Question: I have a dilemma. I recently rented an apartment to four college roommates on a nine month lease that they all signed. Recently I received an email from one of them notifying me that one of the roommates moved out because he couldn’t get along with one of the other roommates, and that they had actually ended up in a fist fight one night. He then asked whether they would be permitted to “replace” the one who moved out in order to avoid the increase in rent the remaining three would have to pick up. What do I tell him?

The nine month lease provides each of the students with a legal right to occupy the premises for the entire nine months, including the individual who moved out. Allowing the students to “replace” the individual who moved out without first confirming he has given up his right to occupy the premises could cause unanticipated problems.

While there is nothing preventing you from allowing the original lessees to amend the lease to “add” someone to the lease, doing so does not necessarily mean the roommate who left may not return. He still has a legal right to be there. Unless you, as the landlord, agree in writing with the roommate who moved out that he is releasing his right to occupy the property, he is legally permitted to return at any time (and he is still bound to the terms of the contract, including the payment of rent). Consider making an attempt to contact the roommate who vacated and letting him know that once his former roommates find a suitable replacement, you would like him to sign something stating he has no intention of returning and he gives up his right to occupy the property. That way, in the event the others fail to find a replacement and they fall behind in rent, you still have the ability to seek the rent from the original four roommates, including the individual who moved out, as they are all joint and severally liable for the rent during the contract period.

Question: The other day I served a three-day notice to pay rent or quit on a month-to-month resident. I was amazed to discover he actually vacated within the three-day period rather than digging in and making me evict him. My question is whether I now have the right to charge him for thirty days of rent after the move-out to comply with the month-to-month agreement?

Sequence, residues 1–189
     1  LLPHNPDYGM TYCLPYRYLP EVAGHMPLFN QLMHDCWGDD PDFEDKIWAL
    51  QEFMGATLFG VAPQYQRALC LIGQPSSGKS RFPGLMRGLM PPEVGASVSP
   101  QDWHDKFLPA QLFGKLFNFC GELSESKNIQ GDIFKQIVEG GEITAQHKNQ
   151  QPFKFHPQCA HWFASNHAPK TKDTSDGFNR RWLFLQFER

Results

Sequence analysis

Sure. California law requires tenants to provide written 30-day notice of termination of tenancy unless the agreement provides for a shorter notice period. In this case, he owes you for thirty days rent, even if the 30-day period runs into the following month. However, be sure to document your efforts to relet the property (e.g., ads on Craig’s list, Westside Rentals, etc.) to prove your diligence in mitigating your losses. Additionally, you may deduct that unpaid amount from his security deposit.

The foregoing information is presented and intended to address the topic(s) covered above in a general nature. Specific situations and their facts should be presented to your attorney for review. Mike Brennan is the founder of Brennan Law Firm, one of the fastest growing and most experienced landlord-tenant law firms in Southern California, representing landlords exclusively in evictions, negotiations, and judgment enforcement. The firm may be reached at (626)294-0500, or toll free at (855)285-2230. Visit our website at www.MBrennanLaw.com for more information.

Contact AACSC

Apartment Association,

California Southern Cities
333 W. Broadway St., Suite 101
Long Beach, CA 90802
(562) 426-8341

This e-mail address is being protected from spambots. You need JavaScript enabled to view it